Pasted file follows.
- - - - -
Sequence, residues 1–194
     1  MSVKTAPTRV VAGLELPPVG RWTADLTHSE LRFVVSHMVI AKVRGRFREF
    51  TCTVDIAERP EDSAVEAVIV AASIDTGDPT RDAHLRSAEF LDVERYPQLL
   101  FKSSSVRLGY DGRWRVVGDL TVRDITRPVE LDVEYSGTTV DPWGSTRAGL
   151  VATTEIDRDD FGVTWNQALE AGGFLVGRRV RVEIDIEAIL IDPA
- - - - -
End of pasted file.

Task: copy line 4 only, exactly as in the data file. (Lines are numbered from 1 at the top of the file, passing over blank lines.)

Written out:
   101  FKSSSVRLGY DGRWRVVGDL TVRDITRPVE LDVEYSGTTV DPWGSTRAGL